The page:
The National Institute of Health, in March of 2021, published their findings of several studies that focused on the effect the COVID-19 pandemic has had on the mental health of youth and adolescents. Their findings asserted that, “Adolescents had perceived high rates of low to moderate social support during the pandemic, which contributed to increases in anxiety and depression.” This is in-line with other findings that argue that the lack of in-person peer socialization is having a negative effect on adolescents. School, recreational activities, and generally just “hanging out” are ways that youth feel seen, heard, and supported by their peers. Unfortunately, these were also the activities that were greatly reduced or eliminated for the last 12 to 18 months depending on where you live.
Little by little, it seems we are returning to the normal way of going about things or perhaps we should call it the “new normal.” I can personally say that 2020 was a long year for my mental health in terms of instability and uncertainty. But then June of 2021 came around and it was great to be in the Red Creek Valley and see many faces that I recognized during our summer season. I had been social distancing for so long that the usual high energy of the summer seemed that much more exciting. Our campers were beyond stoked to see old friends, make new friends, and make some new memories with all. For some campers, it was their first immersive social interactions since the pandemic kicked into gear in early 2020. This came with a lot of challenges but I am happy our campers got to experience a summer of being outside surrounded by their friends and peers.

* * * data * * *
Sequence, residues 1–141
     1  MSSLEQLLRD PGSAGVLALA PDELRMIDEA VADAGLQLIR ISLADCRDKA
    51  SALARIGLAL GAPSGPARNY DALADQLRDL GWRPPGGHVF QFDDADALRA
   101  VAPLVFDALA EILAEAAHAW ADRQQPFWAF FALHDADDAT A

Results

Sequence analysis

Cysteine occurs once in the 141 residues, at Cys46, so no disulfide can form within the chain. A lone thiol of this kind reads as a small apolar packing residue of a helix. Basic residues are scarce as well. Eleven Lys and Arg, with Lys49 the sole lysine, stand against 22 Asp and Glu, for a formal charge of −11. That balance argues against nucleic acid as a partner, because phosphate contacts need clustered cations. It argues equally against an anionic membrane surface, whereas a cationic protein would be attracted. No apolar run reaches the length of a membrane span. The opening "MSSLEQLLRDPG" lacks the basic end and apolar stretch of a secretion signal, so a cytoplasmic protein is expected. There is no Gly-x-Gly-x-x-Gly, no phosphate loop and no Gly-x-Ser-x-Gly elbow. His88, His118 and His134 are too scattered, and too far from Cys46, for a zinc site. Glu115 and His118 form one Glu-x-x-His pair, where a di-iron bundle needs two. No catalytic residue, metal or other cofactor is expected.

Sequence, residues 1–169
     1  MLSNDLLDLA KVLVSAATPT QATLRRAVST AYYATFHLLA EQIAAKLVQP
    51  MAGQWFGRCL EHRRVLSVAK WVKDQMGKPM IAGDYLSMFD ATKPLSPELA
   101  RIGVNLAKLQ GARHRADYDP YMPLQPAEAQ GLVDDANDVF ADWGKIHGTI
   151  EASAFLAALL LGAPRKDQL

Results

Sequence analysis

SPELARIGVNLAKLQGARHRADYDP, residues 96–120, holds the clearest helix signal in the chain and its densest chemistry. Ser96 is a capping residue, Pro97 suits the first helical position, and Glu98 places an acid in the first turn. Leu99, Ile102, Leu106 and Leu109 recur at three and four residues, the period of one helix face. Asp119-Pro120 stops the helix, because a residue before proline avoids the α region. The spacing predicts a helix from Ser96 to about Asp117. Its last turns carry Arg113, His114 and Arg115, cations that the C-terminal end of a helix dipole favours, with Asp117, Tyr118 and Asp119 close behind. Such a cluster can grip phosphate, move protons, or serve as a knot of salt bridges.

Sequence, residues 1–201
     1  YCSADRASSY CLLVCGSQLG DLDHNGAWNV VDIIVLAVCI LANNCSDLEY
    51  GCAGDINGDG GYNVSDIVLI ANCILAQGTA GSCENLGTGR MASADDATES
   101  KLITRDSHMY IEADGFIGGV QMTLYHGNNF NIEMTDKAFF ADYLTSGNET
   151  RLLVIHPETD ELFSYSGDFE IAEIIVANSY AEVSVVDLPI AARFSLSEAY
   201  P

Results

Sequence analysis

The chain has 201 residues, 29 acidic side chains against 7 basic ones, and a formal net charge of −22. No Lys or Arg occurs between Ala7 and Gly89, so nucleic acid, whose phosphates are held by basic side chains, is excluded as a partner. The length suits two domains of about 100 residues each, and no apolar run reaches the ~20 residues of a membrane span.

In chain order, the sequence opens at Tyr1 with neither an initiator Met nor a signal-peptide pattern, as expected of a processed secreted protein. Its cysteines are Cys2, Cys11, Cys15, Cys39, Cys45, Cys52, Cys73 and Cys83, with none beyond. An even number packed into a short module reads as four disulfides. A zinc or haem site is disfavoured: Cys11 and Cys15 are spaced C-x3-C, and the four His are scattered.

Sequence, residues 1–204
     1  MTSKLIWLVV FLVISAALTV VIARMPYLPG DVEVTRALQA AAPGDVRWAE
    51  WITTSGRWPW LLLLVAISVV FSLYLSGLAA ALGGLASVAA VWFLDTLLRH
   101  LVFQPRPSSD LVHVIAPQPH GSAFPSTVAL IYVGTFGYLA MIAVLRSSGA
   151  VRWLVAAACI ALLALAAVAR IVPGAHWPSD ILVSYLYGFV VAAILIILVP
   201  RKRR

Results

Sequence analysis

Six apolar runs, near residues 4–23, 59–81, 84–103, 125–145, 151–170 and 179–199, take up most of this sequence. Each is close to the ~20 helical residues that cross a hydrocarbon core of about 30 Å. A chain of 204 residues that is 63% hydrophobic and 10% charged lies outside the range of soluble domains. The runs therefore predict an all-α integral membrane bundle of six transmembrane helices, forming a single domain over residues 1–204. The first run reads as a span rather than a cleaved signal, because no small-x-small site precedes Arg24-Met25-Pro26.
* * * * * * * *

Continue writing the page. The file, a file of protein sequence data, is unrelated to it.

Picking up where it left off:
I believe that our program, and summer camps in general, are going to be an important opportunity for youth to partake in the ‘individual-separation task.’ The camp environment, day or residential, is immersive in terms of taking a child out of their home-zone and placing them in an environment where they have an opportunity to shape their own identity, navigate complex interpersonal interactions, and be given challenging experiences to develop their emotional regulatory skills. These learning opportunities are bolstered by supportive staff members whom are there to support campers in getting the most out of these situations and help them along when they need a hand. I am excited to roll into our 2022 season. We are looking to create new mental health and mental illness training curriculum for our staff in order to ensure that our campers have the support and resources they need. We are streamlining some of our feedback processes so that we are staying up-to-date regarding staff and camper mental health. Overall, I cannot wait for campers to return to the Red Creek Valley for another summer of excitement.